Martinez told The Jeju Weekly that “Right now there is a lot of money being spent on polo in Asian countries with strong economies like China and Singapore. For players like me, the opportunities are limitless there. With the emergence of polo in those countries, I predict that Korea and Japan will be the next Asian countries to catch the wave.”

Lee was betting on the same thing and that is why he decided to bring polo back to his country by opening the Korea Polo Country Club. The Busan native chose Jeju for its warmer climate, which allows for better grass maintenance and conditions for raising horses, as well as its status as a top Asian tourist destination. Also influencing his decision was the special place that Jeju held in his heart from a honeymoon taken here in 1988.

“My wife and I fell in love with the island and always wanted to come back,” explains Lee. “We looked at building the club on the mainland, but Jeju just seemed like the right fit.”

▲ Photo by Adam Montgomery

Chasing his dream, Tomas Martinez settles in China
For many, the country of Argentina conjures up familiar images of futbol, tango, and wine. However, for those who really know the culture, another image would have to be added to the list. The missing image is the sport of polo, which has become a cultural symbol for the country over the past hundred years. In fact, it has such a stronghold in the culture that Argentina is currently producing the top polo players and teams in the world.

This talented pool of players has led to fierce competition amongst polo clubs in Argentina. To the degree that only the most talented can make a living playing there. As a result, some players have been forced to look outside the country in order to pursue their dream of playing professionally.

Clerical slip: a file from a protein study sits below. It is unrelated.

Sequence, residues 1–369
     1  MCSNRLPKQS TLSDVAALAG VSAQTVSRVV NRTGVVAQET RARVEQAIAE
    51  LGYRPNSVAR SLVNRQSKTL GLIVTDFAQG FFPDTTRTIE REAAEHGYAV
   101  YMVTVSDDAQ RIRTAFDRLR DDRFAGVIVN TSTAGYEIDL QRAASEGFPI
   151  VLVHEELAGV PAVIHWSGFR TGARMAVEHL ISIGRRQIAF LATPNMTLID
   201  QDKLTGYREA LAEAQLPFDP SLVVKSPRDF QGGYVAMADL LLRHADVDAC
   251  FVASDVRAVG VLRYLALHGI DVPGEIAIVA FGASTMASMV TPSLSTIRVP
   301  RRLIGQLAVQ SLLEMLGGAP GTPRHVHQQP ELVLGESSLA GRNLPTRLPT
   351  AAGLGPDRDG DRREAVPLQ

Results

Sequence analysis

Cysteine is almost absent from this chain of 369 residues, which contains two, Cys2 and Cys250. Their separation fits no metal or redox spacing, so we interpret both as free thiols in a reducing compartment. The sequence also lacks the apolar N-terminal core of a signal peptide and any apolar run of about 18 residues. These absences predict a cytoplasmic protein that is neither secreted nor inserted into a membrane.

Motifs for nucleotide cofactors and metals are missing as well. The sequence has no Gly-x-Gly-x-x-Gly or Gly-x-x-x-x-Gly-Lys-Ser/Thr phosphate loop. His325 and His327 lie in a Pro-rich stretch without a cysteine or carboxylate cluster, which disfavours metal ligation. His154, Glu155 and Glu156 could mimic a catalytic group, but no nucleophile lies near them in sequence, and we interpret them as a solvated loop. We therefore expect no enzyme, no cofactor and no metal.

Fortunately, China is experiencing a surge in the sport and many Argentinian polo players have found a home there. Thomas Martinez, who competed for Team BMW in the Royal Salute Cup, is a prime example of a player who left Argentina and discovered polo success in China.

Says Martinez, “I have been able to play and coach full-time in Shanghai for the past four years, which is a dream for me. I do not know if that would have happened if I had stayed in Argentina.”

Now that the club is established, Lee is focusing on growth opportunities and spreading awareness of the sport. As of today, it is the only polo club located in Korea or Japan and Lee is hoping that fact will boost membership from its current number of 25. He also hopes to pursue opportunities through international schools, such as the North London Collegiate School (NLCS), by offering polo and horseback riding classes to students. However, Lee feels that the most important factor for growth is the putting of on more events like the Royal Salute Cup in the coming years.

“I plan on hosting even more events in 2012,” says Lee, “and I really hope that locals and the international community will attend. For me, the sport itself is the best advertisement so it is important that I continue to find ways to bring polo matches to Korea.”

Lee and his fellow competitors at the event seemed to share the same sentiment. It was less about which team won or lost and more about the promotion of the sport. Throughout the event, a friendly vibe persisted amongst the competitors and attendees that no matter what the actual outcome, the sport itself would be the winner.

Competitor Tom Claytor summed it up best by saying, “Once you start playing polo, you never stop. But to start, you have to get a taste of the sport. That is what this weekend was all about; providing Koreans with a taste of polo.”

▲ Lee Joo Bae, far left, celebrating with teammates. Photo by Adam Montgomery

ⓒ Jeju Weekly 2009 (